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Why John Deere’s purchase of a company known for EV speedboats makes perfect sense

7th April 2022. San Nazzaro. Italy. Pictures of the E1 Race Series ‘RaceBird’ RB01. The foiling electric race boat shown here testing for the first time. Photo by Lloyd Images

Back in 2017, Kreisel Electric built Arnold Schwarzenegger’s electric G-Wagen and classic Hummer EV. Nowadays, the company is more about electric speedboat racing. Why does John Deere care? Batteries and charging.

Kreisel is an Austrian EV tech company founded in 2014 by the three Kreisel brothers: Philipp, Johann and Markus. After electrifying an old Beetle in their garage, they quickly built the world’s fastest-accelerating electric go kart, which could jump to 62mph in 3.1 seconds. Just eight years into the highly-competitive electrification game, Kreisel becomes part of the Deere & Company empire, having just been acquired by John Deere.

As reports, Kreisel Electric’s marine portfolio includes the world’s fastest production electric boat, the Carbon SAY 29, as well as a partnership with the E1 racing series and its foiling raceboat prototype known as the RaceBird. This futuristic boat uses Kreisel’s 150 kW battery pack, which powers an outboard motor produced by Mercury Racing.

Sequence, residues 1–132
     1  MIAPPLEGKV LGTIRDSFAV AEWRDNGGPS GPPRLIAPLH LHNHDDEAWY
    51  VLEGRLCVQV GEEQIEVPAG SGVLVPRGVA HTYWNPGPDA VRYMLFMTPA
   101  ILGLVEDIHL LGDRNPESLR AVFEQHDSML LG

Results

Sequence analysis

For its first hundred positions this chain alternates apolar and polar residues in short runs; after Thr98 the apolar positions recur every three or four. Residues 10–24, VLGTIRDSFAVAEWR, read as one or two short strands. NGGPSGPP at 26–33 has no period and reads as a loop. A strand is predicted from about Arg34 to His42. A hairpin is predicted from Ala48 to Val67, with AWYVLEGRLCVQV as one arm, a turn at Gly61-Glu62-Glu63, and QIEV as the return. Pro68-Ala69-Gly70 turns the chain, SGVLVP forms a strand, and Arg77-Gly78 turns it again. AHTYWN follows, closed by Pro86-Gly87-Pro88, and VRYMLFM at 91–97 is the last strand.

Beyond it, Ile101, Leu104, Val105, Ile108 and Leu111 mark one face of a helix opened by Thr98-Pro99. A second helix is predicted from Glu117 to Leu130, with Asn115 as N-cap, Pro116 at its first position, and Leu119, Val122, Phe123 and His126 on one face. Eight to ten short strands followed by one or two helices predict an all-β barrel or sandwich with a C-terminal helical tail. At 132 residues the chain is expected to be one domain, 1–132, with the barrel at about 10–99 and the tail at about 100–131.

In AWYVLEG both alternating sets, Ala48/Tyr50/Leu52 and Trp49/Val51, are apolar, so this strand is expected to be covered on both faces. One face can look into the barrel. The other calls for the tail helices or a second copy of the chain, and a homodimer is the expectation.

Having supplied battery technology to Mercedes-Benz, the Volkswagen Group and others as a Tier 1 partner, Kriesel also produced the Škoda Kreisel RE-X1 electric rally cross car. As of this year, the company continues to work on other World RX1e projects, as well as the ongoing hybridization of WRC.

So why does John Deere care?

Electric foil boats must be a lot of fun, but perhaps more important in Kriesel’s core lineup is its high-speed charging platform called CHIMERO. This can charge an EV from 0-80% in 20 minutes, and is easily installed in remote areas, right where John Deere’s products are already hard at work.

Kriesel Electric patented two battery features that are pushing the envelope in energy density and longevity. The first is their Hollowblock cooling system, which surrounds the cells with non-conductive liquid to improve heat management. Their second patent is even more complex, featuring a contact spring and lasers instead of welding for each cell in a module, resulting in a fuse for each along with increased conductivity in general.

With this latest development, it’s now up to John Deere to make the most of the Austrian company’s battery know-how. Expect heaps of cleverly managed electric torque added to your most desired piece of heavy machinery.

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